It is noticeable that there are very few great executions of chatbots out in the wild. So, we decided to dissect the art (and science!) of building a chatbot and in doing so, we put together this brief guide on building one that is effective.

  1. Personality — A chatbot with a personality can be 50% more convincing to users than one without a personality (according to Stanford University)
  2. However, always make it clear that it is a bot and not a human — this avoids customer frustration and negativity around the brand that may arise from the chatbot’s own limitations.
  3. Create a comprehensive conversational flow diagram — adopt both a traditional visual mapping approach, as well as bot prototyping tool like Bot-Society to visualise it before finalising it.
  4. Create the visual assets that correspond to the outcomes — e.g. images, video, animated gifs, emojis.
  5. Err on the side of simplicity for early versions and avoid trying to do natural language processing — i.e. include buttons for path selection
  6. Allow flow loops to fix incorrect email/data input.
  7. Hand-off to a real person or a site rather than allow for dead-ends.
  8. Use a tool like, HubSpot, TARS, FlowXO etc to build the bot.
  9. Decide where is the bot running — this will have an impact on the design of the bot, as different platforms will allow for varying levels of customisation. Options include FB Messenger, WhatsApp, WeChat, Telegram + iMessage and Web e.g. a chat panel or a full site experience.


Top 4 Most Popular Bot Design Articles:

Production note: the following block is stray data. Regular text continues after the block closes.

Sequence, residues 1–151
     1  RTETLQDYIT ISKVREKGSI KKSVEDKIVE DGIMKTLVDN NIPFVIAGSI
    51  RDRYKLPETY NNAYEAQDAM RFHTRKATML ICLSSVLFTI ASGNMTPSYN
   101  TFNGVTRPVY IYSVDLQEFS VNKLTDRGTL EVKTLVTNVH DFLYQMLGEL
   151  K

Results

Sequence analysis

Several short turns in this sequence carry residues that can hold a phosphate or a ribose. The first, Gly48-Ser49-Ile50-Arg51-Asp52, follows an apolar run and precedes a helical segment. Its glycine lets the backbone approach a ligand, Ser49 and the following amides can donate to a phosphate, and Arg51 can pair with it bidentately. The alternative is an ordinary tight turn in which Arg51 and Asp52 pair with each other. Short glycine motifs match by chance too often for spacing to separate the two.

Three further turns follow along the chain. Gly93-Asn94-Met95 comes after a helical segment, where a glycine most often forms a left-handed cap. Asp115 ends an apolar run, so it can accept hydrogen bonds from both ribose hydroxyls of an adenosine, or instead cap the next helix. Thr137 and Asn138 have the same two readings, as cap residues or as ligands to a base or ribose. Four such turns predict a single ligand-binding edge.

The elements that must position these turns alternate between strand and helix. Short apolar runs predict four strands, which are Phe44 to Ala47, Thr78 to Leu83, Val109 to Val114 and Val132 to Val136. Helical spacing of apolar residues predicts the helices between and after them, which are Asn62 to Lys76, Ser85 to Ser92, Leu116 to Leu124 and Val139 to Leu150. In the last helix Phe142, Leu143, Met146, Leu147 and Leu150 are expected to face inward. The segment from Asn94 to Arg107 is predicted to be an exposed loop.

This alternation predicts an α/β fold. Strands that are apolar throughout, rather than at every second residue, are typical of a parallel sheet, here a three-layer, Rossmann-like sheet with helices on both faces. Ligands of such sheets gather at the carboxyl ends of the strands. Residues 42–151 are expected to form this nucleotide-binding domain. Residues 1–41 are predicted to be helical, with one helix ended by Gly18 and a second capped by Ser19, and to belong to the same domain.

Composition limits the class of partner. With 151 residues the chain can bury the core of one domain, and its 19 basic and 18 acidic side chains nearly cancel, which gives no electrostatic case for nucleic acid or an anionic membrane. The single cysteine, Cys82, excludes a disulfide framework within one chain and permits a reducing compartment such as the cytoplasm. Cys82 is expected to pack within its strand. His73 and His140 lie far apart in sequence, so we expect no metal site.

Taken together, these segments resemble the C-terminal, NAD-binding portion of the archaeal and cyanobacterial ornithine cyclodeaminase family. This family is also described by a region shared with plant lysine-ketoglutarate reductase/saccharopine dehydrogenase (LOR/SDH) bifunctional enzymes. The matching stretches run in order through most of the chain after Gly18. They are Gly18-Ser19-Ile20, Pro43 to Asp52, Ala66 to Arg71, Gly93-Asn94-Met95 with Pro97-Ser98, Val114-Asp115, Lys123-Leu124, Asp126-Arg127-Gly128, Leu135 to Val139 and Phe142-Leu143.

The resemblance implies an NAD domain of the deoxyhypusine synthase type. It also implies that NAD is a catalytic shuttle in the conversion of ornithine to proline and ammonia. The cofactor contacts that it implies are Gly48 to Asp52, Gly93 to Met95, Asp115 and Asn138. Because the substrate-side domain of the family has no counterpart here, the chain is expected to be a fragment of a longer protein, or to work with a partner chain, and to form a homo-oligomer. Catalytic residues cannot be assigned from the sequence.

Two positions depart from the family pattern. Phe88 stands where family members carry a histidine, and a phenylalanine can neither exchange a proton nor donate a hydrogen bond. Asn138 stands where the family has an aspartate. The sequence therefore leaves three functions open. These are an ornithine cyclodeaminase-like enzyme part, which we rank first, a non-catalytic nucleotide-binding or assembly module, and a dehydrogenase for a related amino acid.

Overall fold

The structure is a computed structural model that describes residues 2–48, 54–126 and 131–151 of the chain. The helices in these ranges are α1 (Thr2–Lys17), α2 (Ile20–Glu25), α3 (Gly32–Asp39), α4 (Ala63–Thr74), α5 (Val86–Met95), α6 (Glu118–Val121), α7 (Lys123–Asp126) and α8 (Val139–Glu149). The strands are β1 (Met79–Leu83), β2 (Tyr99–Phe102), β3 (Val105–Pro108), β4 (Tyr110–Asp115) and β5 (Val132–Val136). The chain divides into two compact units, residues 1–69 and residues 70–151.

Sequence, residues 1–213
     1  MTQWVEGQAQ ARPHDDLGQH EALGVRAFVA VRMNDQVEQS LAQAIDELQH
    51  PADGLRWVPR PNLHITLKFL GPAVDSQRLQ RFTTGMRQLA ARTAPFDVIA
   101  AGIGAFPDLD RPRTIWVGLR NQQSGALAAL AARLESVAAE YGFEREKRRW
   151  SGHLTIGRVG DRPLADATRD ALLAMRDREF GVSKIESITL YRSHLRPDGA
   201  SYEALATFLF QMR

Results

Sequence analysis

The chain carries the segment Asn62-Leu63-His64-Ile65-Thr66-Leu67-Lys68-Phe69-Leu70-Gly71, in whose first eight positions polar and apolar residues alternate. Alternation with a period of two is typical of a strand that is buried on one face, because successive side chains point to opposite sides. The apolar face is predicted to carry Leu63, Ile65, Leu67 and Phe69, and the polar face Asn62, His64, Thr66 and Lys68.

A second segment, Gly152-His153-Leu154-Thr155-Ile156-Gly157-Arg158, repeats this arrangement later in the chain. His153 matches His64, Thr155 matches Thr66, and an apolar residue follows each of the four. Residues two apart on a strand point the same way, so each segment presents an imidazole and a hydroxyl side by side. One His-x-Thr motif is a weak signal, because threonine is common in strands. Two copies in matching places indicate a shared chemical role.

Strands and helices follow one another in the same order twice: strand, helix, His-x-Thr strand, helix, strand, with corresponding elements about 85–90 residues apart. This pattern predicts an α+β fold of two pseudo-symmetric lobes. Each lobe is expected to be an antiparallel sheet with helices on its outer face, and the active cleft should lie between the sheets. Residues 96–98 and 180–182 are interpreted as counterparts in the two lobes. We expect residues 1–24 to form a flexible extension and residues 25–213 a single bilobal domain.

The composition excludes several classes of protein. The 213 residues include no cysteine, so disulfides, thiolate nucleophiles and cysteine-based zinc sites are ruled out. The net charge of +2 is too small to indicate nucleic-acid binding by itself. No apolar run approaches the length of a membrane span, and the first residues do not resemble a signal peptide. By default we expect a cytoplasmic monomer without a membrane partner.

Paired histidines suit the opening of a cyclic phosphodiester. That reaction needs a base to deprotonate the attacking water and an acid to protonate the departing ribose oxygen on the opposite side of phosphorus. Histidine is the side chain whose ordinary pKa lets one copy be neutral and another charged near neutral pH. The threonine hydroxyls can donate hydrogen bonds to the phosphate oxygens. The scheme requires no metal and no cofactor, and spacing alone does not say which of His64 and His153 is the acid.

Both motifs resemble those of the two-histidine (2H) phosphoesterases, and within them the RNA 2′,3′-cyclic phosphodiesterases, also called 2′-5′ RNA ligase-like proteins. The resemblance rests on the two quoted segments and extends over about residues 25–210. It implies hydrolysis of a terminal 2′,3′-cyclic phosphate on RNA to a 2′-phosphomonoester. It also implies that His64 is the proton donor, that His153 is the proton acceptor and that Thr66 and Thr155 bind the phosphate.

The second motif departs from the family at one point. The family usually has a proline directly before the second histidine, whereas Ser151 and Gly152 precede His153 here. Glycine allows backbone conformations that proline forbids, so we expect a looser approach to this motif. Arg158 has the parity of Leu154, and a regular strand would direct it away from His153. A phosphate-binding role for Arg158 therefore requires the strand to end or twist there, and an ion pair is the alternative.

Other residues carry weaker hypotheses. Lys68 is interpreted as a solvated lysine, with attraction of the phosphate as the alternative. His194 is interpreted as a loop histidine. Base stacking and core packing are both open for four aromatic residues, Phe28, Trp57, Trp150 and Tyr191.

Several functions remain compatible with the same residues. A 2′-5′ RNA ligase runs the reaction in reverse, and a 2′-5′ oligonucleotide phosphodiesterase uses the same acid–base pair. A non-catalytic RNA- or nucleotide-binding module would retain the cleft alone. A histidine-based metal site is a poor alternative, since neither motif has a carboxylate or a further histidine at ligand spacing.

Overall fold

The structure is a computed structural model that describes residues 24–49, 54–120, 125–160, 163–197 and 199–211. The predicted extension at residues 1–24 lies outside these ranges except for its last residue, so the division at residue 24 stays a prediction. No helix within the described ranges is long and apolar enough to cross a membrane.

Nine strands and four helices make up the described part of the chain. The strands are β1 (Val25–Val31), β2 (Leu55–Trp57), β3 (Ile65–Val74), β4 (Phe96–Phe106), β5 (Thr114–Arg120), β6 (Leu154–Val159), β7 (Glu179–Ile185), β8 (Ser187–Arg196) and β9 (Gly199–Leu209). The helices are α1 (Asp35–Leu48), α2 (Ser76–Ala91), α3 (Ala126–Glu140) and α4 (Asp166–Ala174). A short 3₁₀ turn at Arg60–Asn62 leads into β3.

1. Five Tips to Create a Chatbot Brand Voice.
  2. “Alexa, are you ok?”: Test Automation for Alexa Skills.
  3. How to introduce Upsell workflow in the florist Chatbot.
  4. Three Steps to Designing Chatbot Conversations like a Professional.


Making a decent bot will require a lot of testing, asking for a second opinion and conducting testing with real end-users (unprompted).

Beware of the common mistakes:

  1. Too long messages: It’s very important to keep in mind that most of the conversations held with a chatbot happen on mobile. Keep your messages short and make sure people don’t need to scroll to read the message.
  2. Tone variation: Unless you’re trying to replicate some multiple personality disorder, try using the same tone throughout all your speech so users can feel they’re talking to the same character and engage more.
  3. GIF/image/emoji abuse: Emojis and funny GIFs can be effective but it’s important to ensure that the user isn’t visually attacked by overly colourful/distracting images.
  4. Question duplicity: One of the worst experiences a user can have is being asked for the same piece of information twice. Make sure this never happens in your flow and, if you can’t avoid it, confirm fields instead of asking for them again (e.g. “Your email is [user’s email], is this correct?”).
  5. Unnatural loops: Rich chatbots with back-and-forth freedom are great, but be careful with the loops you create and make sure they don’t subtract freedom instead of providing it.


Like any successful digital product, a successful bot will require an ongoing test and learn approach:

  1. Implement a measurement tool like Chatbase to allow for monitoring/ iteration.
  2. Try A/B testing of different paths to see what converts best.
  3. Remove less-trafficked paths e.g. if less than 10% of the audience venture down a specific conversation path — kill it.

Thinking about the above in some detail during the design and development phase will make for an infinitely better product and experience for users and will also go a long way to unearthing problems before users find them.

If you need some further advice or would like to explore a challenge with us, feel free to drop Johanna, our Commercial Partnerships Lead, a message at